The Story of 3rd Battle of Panipat

The story of Panipat is wider than the story of a battle. Therefore, two hundred and fifty years later, it still deserves to be told. It has facets within it that remain undiscovered in the thousands of archival sheets of the era that remain unread. At the tri­ centennial of the great campaign, it is likely more facets will come before us to come to an even greater understanding of what Panipat stood for.

In India’s long history of several millennia, the only occasion when a power from the peninsula invaded the north, was in the Maratha era. Over a period of forty years they spread from a small kingdom around Pune to the frontiers of India. Pune was the de facto capital of India and the Mughals were a protectorate of their one time adversaries. From time immemorial, from the Aryans, there has been a steady influx of people coming in from the North West. From Alexander, the Sakas, the Kushans, the Afghans, the Mughals and finally Ahmed Shah Abdali, all entered India through the north west frontier and overpowered a more pacific, evolved society, integrating with its milieu.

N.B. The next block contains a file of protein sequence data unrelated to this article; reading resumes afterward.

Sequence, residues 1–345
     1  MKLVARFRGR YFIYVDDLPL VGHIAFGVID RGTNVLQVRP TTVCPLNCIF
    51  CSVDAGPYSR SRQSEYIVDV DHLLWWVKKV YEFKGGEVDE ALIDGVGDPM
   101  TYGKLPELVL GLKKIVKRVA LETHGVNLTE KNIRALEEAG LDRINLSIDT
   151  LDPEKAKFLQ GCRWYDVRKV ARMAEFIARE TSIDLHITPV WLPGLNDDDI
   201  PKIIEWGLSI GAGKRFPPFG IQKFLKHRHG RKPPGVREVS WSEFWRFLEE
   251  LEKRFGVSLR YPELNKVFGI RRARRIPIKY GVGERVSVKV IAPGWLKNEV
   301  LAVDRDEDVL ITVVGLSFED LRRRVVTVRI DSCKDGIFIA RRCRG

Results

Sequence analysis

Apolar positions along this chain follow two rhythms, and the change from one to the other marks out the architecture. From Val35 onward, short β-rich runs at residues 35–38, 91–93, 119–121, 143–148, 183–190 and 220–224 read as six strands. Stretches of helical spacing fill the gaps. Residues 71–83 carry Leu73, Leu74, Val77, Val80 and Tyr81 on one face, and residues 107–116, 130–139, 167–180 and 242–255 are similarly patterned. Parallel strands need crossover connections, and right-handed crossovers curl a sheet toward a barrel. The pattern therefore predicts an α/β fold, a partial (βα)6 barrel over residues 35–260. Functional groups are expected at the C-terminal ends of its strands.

From Delhi to Palam is the realm of Shah Alam.